Our state seems to attract artists of all kinds, but especially writers or at least that’s the art I know the most about. Last night 18 authors and illustrators gathered at Park Place Books in Kirkland to present “The Inside Story” on their newest releases. Each presenter was give 2 ½ minutes to tell the story behind the story of what they’d written and had published. This event was presented by the Western Washington chapter of the Society of Children’s Book Writers & Illustrators.
Below I’ve revealed some of their insights in case you want to buy and read these books. Some haven’t been released yet, but most have.
I overheard two members of the audience talking about how they would rather read children’s books than some of the books for adults out there because the children’s authors do a better job of engaging the reader. I heartily agree.
A Bedtime for Bear by Bonnie Becker continues the saga of a grumpy bear and a cheerful mouse and the series now comes with a cuddling stuffed toy.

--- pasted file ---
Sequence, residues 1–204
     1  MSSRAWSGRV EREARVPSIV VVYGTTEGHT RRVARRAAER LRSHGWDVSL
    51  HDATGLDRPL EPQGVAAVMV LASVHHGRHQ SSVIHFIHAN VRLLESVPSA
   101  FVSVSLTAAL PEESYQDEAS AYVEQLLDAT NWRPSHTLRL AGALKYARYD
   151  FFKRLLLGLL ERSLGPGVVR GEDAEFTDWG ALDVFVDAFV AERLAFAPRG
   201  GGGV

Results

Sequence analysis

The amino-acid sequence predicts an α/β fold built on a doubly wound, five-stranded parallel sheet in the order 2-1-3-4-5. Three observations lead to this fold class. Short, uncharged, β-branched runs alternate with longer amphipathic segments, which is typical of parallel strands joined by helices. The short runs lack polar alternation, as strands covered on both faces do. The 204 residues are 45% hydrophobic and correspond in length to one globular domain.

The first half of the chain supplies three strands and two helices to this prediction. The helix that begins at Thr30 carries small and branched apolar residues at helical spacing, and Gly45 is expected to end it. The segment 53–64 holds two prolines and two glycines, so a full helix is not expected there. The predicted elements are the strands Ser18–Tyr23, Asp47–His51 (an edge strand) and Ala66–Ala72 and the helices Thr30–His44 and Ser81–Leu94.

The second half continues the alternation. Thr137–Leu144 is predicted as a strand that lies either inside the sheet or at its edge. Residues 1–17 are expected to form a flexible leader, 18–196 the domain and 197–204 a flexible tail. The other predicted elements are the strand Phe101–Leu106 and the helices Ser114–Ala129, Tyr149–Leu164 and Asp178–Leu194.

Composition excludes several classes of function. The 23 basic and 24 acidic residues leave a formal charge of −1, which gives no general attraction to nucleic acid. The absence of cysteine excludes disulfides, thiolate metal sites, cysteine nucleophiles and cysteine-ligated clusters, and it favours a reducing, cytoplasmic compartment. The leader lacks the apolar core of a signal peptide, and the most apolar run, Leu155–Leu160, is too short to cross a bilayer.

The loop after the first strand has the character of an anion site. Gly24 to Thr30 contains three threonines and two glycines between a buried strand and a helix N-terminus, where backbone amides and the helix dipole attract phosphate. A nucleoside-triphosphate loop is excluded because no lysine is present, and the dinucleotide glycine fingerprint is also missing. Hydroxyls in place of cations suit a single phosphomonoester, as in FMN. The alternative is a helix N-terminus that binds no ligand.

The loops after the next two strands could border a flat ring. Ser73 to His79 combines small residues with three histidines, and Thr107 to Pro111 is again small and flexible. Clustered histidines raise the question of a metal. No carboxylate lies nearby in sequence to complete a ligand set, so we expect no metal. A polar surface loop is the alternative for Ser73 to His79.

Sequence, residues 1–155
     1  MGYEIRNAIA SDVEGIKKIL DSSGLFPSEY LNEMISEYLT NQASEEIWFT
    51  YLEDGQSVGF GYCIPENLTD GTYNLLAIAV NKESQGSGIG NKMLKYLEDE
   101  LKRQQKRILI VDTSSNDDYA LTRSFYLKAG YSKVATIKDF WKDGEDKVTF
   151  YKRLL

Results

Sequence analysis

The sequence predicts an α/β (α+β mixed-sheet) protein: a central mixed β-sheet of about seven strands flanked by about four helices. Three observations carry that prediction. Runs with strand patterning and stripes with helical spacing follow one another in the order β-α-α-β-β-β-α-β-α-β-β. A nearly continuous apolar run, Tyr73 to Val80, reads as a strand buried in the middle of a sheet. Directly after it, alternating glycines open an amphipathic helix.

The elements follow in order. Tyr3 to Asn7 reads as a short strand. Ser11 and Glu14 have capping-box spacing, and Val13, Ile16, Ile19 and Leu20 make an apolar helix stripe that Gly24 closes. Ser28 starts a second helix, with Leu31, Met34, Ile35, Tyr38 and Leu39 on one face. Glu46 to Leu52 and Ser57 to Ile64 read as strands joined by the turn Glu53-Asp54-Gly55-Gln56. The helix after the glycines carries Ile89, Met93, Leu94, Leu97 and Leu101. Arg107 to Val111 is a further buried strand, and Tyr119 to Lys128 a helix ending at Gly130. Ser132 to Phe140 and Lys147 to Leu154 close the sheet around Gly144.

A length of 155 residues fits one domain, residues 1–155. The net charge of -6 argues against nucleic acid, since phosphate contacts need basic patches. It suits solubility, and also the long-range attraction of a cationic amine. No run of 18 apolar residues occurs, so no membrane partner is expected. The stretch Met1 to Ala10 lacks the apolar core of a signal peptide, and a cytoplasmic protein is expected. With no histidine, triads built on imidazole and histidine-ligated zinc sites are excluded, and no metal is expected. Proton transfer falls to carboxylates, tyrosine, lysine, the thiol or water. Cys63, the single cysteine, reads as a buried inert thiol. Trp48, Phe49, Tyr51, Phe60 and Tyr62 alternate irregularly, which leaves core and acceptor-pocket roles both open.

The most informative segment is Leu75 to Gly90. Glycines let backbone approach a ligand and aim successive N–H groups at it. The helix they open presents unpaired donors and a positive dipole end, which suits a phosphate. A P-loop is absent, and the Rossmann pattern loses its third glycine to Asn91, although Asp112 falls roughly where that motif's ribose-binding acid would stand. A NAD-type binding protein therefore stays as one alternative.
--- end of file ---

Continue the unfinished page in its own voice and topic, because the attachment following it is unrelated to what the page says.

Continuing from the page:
New to Seattle, Maggie Smith has penned Christmas with the Mousekins just in time for the holidays – how does a mouse family prepare for Christmas?
Illustrator Kevan J. Atteberry said drawing monsters in Frankie Stein Starts School by Lola M. Schaefer, makes his job fun and though friends and relatives don’t find Frankie frightening enough, he is his own kind of scary.
Hope for Haiti by Jesse Joshua Watson gives some much-needed realism to the Haitian earthquake disaster so it doesn’t get relegated to a news item that’s forgotten after a couple of days.
While J. Elizabeth Mills was riding a Metro bus in Seattle, the idea for The Spooky Wheels on the Bus was conceived. It started with, “what if the bus was haunted?”
Kathryn Thurman’s sister once brought home a pig for a pet and that sparked the initial idea for A Garden for Pig, which took more than five years to become a published book.
Every time Erik Brooks saw wrapping paper or greeting cards with polar bears and penguins together, he marveled at how inaccurate that was – they didn’t live together. So this Winthrop author finally used the topic as fodder for Polar Opposites.
Early Readers & Chapter Books
When her contractor quit in the middle of building her dream home, illustrator Liz Callen took solace from and immersed herself in the pictures in Wolf Pie – a story about the three Pygg brothers.
While explaining the back story for Zelda and Ivy: The Big Picture, Laura McGee Kvasnosky strummed the ukulele and sang about her own family.
Stay tuned for Middle Grade and Young Adult Novels by local authors.